09-02-2011 10:45 PM
I was advised by a TransUnion rep that credit scores are connected to how many accounts were included in BK. My financial situation has improved since BK and am thinking about paying off a couple of credit cards with low amounts ( $550 and $1300) that were IIB. Does anyone have any experience going back to a creditor after BK and paying off the account? How did that help you?
09-03-2011 03:19 AM
why on earth you want to do that? your accounts should be zero balance anyway with the bk and say included in bk. first two years post bk is the hardest and only time will get your scores up. i am 26 months post bk and my scores is ex 719 eq 698 and tu 707. you can fet the same scores just dont applied for too credit all you need is at the most two major cc and one store card and the rest is just time. just save your money and you will be just fine.
09-03-2011 07:47 AM
Unfortunately, in this day and age (unlike years ago) there are some legal issues with paying off accounts that were previously discharged through BK.
Last I checked into this, they can revisit some aspects of the account and/or agreements and you may become liable for significant late fees or other fees.
Check with your attorney on the legal ramifications.
09-07-2011 12:23 PM
I offered a pfd for a couple of medicall CA that were IIB. They refused to take any money. But a couple were nice enough to just delete. I think what beamMEup said sounds right. There are issues involved with trying to pay a legally discharged debt. Technically, there is no debt. The amount was written off by the company (tax implications), and possibly some of the prior agreements could be reinstated.
In my letters I kind of just threw out that that while I was no longer obligated to pay this debt and that I understood hte OC/CA may not be able to accept payment when no payment is due that I would nonetheless like to sastify the account or something along those lines. I would offer the amount that was owed or ask for a gw deletion. Got a few gw's but not one pfd on any IIB account. That also went for some IIB credit cards.
09-07-2011 04:00 PM
My BK attorney advised me if I wanted to pay the accounts after BK I was free to do that. He didn't advise me how it would affect my credit.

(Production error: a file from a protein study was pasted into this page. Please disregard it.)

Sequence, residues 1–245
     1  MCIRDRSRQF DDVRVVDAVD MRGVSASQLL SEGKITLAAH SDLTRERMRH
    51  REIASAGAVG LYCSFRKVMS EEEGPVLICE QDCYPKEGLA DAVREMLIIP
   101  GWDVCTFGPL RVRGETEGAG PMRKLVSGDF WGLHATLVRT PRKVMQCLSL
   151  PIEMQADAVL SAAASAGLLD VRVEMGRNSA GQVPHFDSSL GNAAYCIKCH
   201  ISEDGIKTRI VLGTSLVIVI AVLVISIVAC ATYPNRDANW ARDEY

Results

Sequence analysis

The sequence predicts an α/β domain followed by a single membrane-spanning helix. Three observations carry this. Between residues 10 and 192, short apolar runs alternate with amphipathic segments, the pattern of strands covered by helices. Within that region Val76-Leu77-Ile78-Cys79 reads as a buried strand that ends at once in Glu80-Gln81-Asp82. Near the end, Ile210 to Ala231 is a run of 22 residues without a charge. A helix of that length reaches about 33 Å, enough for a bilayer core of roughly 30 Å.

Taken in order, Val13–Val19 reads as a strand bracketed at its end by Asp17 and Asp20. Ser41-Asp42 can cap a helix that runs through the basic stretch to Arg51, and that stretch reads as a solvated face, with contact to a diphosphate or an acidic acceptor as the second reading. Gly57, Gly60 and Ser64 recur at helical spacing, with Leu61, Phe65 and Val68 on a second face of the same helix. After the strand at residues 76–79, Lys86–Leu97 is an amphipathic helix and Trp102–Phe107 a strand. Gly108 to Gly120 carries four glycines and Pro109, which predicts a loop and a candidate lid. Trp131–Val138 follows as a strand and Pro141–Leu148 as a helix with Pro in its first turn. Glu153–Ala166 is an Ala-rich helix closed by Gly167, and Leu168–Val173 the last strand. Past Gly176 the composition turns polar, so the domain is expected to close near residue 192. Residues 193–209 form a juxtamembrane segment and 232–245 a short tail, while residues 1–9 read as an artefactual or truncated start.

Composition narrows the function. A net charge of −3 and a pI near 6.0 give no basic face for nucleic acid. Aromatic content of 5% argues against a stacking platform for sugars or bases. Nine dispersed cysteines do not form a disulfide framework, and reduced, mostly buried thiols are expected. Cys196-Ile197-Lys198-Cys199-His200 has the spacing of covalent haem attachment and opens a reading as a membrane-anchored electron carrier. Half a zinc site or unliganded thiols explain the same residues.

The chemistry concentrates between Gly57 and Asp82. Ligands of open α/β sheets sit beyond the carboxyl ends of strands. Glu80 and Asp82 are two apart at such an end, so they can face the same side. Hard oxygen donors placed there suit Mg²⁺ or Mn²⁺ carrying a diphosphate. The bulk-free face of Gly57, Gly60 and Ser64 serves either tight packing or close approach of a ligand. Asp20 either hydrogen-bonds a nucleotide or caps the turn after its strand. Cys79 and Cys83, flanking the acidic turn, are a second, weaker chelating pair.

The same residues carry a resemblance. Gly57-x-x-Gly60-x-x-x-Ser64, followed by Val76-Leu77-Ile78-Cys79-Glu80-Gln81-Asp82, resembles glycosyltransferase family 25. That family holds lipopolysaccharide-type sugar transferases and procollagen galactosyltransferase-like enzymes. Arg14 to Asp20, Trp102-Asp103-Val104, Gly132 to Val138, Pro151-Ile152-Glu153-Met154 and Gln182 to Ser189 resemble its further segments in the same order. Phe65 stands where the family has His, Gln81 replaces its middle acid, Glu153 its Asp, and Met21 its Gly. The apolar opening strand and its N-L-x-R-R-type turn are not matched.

I might try offering to pay a credit card IIB that was a small amount and see what happens. It sounds like there's a possibiity by an earlier post it could drop off.
09-07-2011 06:43 PM
the damage has been done at this point and I think you will have nothing to gain from paying these discharged lines.
Buy some stock or something else that will give you a return on that money.
09-08-2011 06:43 AM
FIRST, do what makes economic sense. THEN (and only then) consider how your score is impacted. So no, don't pay off old lines, use the money for emergency savings or to secure a loan or credit card to build new positive history. Time is the main ingredient here. The impact of a major derogatory like IIB fades over time, and removing one of many may not even move your score - aftyer two or three there's little impact to having more with the same date.
Understand that your score is a factor in getting credit, but even if you paid off everything and the lines deleted, your score may not improve as much as you would hope, and the Public Record will still be there. You're very unlikely to get the IIB removed and keep the line so your AAOA will shorten. Lenders will look at your score, but many, perhaps even most will then see the BK Public Record and deny you anyway.
09-12-2011 03:36 PM
so if I understand this correctly if I am able to remove some accounts that show IIB my score would improve? I am working to write GW letters to these creditors in hopes of a deletion. My AAoA shouldn't fall drastically, I carried all of my student loans through Ch7 and oldest account is 10+ years
IMPORTANT INFORMATION: All FICO® Score products made available on myFICO.com include a FICO® Score 8, along with additional FICO® Score versions. Your lender or insurer may use a different FICO® Score than the versions you receive from myFICO, or another type of credit score altogether. Learn more
FICO, myFICO, Score Watch, The score lenders use, and The Score That Matters are trademarks or registered trademarks of Fair Isaac Corporation. Equifax Credit Report is a trademark of Equifax, Inc. and its affiliated companies. Many factors affect your FICO Score and the interest rates you may receive. Fair Isaac is not a credit repair organization as defined under federal or state law, including the Credit Repair Organizations Act. Fair Isaac does not provide "credit repair" services or advice or assistance regarding "rebuilding" or "improving" your credit record, credit history or credit rating. FTC's website on credit.